The Nasdaq has fallen 0.7%, the S&P 500 has slipped 0.2% and the Dow has declined 0.2%, marking a bad morning for the market.

The Semiconductors sector (XLK) is currently ahead of the overall market, down only 0.7%, and its biggest movers are currently:

Company Market Cap Percentage Change
Rambus (Nasdaq:RMBS) $545.7 million +19.5%
Veeco Instruments (Nasdaq:VECO) $1.37 billion -9.2%
Cymer (Nasdaq:CYMI) $1.71 billion -5.6%
Universal (Nasdaq:PANL) $1.81 billion -5%
ASM International (Nasdaq:ASMI) $1.97 billion -4%
Mellanox (Nasdaq:MLNX) $4.41 billion -3.8%
Cirrus Logic (Nasdaq:CRUS) $2.71 billion -3.6%

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Rambus (Nasdaq:RMBS) has soared 19.5% to reach a current price of $5.89 per share. The company's volume is currently 3.4 million shares. This is greater than yesterday's volume of 823,674 shares. High volume indicates a lot of investor interest while low volume indicates the opposite. Valuation ratios like the price to earnings (P/E) ratio, the price to earnings growth (PEG) ratio, the price to sales (P/S) ratio, the price to book (P/B) ratio, and the dividend yield are useful in determining how attractive a potential or existing investment is. The debt-equity (D/E) ratio is a leverage ratio. RMBS has a low debt-equity ratio of 37%. This shows that the company's assets are financed primarily through equity. The D/E ratio is not a pure measurement of a company's debt because it includes operational liabilities in total liabilities.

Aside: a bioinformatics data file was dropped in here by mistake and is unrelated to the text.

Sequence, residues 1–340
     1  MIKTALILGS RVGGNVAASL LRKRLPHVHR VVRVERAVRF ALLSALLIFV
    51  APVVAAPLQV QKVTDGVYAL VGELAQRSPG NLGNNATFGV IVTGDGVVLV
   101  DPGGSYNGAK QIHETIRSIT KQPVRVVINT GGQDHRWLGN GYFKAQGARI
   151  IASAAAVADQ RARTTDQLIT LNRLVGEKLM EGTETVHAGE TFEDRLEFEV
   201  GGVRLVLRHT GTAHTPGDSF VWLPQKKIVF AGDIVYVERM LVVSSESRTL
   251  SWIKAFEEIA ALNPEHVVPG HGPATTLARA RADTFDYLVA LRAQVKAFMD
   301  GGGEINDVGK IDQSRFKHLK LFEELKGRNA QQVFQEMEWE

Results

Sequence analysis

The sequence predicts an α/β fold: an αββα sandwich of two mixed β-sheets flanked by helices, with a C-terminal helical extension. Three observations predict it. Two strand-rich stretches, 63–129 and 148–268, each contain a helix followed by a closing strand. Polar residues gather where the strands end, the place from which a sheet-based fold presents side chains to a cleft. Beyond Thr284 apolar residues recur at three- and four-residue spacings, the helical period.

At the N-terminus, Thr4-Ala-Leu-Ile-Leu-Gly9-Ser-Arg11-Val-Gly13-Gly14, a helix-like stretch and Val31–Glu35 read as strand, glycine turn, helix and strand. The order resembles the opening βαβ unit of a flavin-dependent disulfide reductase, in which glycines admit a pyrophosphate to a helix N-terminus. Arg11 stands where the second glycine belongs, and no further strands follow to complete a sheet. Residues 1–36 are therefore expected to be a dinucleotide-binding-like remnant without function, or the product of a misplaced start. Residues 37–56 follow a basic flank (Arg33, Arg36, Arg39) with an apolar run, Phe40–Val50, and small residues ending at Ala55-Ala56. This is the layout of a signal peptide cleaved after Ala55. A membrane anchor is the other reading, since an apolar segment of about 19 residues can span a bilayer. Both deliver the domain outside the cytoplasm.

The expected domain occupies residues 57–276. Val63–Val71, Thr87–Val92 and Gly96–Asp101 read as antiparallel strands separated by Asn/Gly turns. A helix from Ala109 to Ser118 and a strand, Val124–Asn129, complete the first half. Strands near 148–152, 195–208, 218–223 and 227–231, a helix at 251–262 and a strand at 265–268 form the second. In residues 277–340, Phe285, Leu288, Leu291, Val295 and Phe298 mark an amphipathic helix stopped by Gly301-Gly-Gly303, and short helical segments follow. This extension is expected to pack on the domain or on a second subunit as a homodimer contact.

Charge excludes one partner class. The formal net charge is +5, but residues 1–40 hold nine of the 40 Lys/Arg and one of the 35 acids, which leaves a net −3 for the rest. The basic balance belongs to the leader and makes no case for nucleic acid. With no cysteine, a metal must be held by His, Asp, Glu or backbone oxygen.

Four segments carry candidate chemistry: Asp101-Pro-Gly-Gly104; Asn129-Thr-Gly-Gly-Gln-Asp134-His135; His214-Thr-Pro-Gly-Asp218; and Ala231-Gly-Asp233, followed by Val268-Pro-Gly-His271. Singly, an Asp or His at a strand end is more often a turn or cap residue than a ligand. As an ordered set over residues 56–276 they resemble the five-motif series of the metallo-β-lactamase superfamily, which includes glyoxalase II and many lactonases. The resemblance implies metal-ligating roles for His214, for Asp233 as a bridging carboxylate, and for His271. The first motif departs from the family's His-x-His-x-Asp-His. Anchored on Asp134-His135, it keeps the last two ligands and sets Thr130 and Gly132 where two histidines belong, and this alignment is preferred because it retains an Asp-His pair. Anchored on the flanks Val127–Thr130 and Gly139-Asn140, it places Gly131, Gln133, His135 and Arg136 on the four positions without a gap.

Veeco Instruments (Nasdaq:VECO) has fallen 9.2% and is currently trading at $31.74 per share. At 1.2 million shares, the company's volume so far today is 2.1 times the average volume over the last three months. Volume is an important indicator in technical analysis as it is used to measure the worth of a market move. If the markets have made a strong price move either up or down the perceived strength of that move depends on the volume for that period. The higher the volume during that price move the more significant the move. In making a decision about a potential or existing investment, valuation ratios are useful as a basis for seeing whether the stock price is too high, reasonable, or a bargain. A price/sales ratio is derived by dividing stock market price by company sales. VECO's P/S ratio of 1.83 is on the high side. In young companies, a high P/S ratio is a sign of sales growth that is expected to turn into earnings and cash flow. All things being equal, a low P/S ratio is good news for investors, while a very high one can be a warning sign.